Casey And Diana At The Stratford Festival
A small miracle is unfolding at the Stratford Festival’s Studio Theatre where the world premiere of Casey and Diana by Nick Green is receiving a splendid – and far too brief – production under the assured direction of Andrew Kushnir.
Casey and Diana weaves a tale of courage, caring, and redemption based on the 1991 visit of Princess Diana to Toronto’s Casey House, Canada’s first free-standing AIDS hospice. It is blissfully free of the sort of maudlin sentimentality, stagey heroics, or doctrinaire preaching that too often mar attempts to dramatize this subject matter.
As the play opens, Thomas (Sean Arbuckle), Casey’s longest term resident, learns from his nurse Vera (Sophia Walker) that Princess Diana (Krystin Pellerin) will be visiting Casey in just seven days. He is ecstatic, but the lesions of Kaposi’s sarcoma clearly visible on his face and feet suggest that his illness is so far advanced that a week might be a bridge too far.
The arrival of a new roommate, Andre (Davinder Malhi), a young man who has lost the ability to walk and whose family has cut all ties with him, and the effusive ministrations of volunteer Marjorie (Linda Kash) interrupt his reveries.
As the day of Diana’s visit draws near, Thomas continues to exhort his fellow residents to hang in there to survive long enough to bask in the glow of royalty. Then his estranged sister shows up.
Sister Pauline (Laura Condlln) is quite the drama queen and her angry insistence that she must repair the damage done to their relationship unsettles Thomas so much that his very survival seems at risk.
Casey and Diana artfully blends the interactions between and among its characters as Green explores what it means to face not only death at the hands of an implacable disease but the social, emotional, and psychological exile borne of fear and ignorance.
And how do the selfless women, whose goal is to “help men with AIDS” weather the emotional strain of ministering to men who often lash out at them in their pain and despair? How does a sister, traumatized by the cascading deaths in the gay milieu surrounding her brother, manage to repair their relationship?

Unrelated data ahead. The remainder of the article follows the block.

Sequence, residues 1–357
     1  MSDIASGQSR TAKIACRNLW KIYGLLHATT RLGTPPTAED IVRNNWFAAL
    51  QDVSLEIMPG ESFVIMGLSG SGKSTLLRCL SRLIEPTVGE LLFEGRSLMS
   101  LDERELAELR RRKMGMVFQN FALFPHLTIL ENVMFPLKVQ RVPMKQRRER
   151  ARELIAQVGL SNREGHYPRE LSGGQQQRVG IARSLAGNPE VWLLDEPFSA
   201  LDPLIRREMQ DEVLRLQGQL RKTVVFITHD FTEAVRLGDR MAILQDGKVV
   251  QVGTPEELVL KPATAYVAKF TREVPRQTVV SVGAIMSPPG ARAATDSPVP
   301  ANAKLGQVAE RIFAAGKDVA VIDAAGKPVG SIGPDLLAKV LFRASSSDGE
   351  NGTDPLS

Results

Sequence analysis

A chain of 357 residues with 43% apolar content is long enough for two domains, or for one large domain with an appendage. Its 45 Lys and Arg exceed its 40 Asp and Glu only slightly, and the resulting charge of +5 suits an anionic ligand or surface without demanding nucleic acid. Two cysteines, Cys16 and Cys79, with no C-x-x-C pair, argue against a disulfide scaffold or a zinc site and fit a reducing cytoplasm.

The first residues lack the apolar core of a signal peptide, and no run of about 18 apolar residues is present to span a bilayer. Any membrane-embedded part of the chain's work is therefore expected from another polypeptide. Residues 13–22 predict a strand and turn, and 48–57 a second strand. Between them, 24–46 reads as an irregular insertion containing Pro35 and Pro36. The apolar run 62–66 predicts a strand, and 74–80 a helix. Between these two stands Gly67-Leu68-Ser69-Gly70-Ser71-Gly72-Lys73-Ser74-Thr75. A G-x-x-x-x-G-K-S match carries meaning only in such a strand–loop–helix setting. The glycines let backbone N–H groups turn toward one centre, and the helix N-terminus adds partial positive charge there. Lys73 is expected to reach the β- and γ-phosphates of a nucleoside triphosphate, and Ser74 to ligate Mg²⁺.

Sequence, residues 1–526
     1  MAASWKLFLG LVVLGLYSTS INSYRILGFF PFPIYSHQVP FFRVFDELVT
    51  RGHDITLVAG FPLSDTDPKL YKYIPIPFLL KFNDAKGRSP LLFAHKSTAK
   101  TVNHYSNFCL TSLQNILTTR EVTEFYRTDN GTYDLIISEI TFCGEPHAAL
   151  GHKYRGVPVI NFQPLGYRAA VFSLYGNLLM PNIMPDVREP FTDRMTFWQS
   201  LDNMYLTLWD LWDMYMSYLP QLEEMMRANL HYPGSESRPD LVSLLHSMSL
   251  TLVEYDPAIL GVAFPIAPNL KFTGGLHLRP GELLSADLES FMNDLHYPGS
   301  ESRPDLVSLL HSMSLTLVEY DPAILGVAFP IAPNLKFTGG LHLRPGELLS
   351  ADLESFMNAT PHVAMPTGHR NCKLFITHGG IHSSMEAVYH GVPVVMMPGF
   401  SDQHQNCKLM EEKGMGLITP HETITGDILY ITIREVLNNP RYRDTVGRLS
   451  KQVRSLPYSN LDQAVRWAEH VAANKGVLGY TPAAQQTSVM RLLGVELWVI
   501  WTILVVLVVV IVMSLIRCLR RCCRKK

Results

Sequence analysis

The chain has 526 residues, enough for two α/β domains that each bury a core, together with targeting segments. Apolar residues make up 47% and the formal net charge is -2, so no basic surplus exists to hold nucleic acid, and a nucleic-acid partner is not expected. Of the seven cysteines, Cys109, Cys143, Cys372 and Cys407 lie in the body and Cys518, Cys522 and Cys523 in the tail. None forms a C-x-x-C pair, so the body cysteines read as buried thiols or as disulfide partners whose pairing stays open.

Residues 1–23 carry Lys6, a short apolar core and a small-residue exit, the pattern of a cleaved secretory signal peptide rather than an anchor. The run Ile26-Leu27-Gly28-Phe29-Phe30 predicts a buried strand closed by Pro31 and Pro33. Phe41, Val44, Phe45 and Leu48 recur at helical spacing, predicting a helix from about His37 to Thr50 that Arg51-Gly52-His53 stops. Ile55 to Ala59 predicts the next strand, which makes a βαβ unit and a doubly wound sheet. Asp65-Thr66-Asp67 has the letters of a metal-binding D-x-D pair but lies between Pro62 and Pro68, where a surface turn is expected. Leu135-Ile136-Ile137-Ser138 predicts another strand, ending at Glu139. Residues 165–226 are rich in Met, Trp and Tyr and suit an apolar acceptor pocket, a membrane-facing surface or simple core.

Green handles all this beautifully and, when the Princess finally appears, Casey and Diana ends on a note of transcendence that, thanks to Kushnir’s inspired direction, is quite literally breathtaking.
Casey and Diana boasts the kind of dialog and powerful emotion-packed speeches that actors dream of. Kushnir’s superb cast rises to the occasion.
Sean Arbuckle may be giving the best performance of his 21-year tenure at the Stratford Festival. He is mesmerizing.
Laura Condlln brilliantly navigates her transition from hysterical anger to rapprochement with her dying brother. Linda Kash is delightful as the perhaps too enthusiastic volunteer who ministers to Andre, sweetly brought to life by Davinder Malhi. Kash and Malhi, by the way, are making their Festival debuts.
Sophia Walker as Vera, a caring nurse but a bit of a martinet when it comes to “policy” and “procedures,” has a scene in which she reveals what makes her tick – and it is heart-rending.
Krystin Pellerin has less to do as Princess Diana, but she does it beautifully. For most of the play she is an idealized figment of Thomas’s imagination, but when she appears as the real Diana at play’s end she is the prefect “people’s princess.”
Joshua Quinlan has provided a simple but effective set and lighting designer Louise Guinand and composer/sound designer Debashis Sinha have created ingenious ways to illustrate the play’s metaphor that life is breath.
Anyone who cares about good acting (not to mention good direction) should make a beeline to this production. I find it almost criminal that by the time what I can only imagine will be the glowing reviews for Casey and Diana reach the theatergoing public this stellar production will have less than two weeks left in its run.
Casey and Diana continues at the Studio Theatre through June 17, 2023. For more information and to purchase tickets visit the Stratford Festival website.
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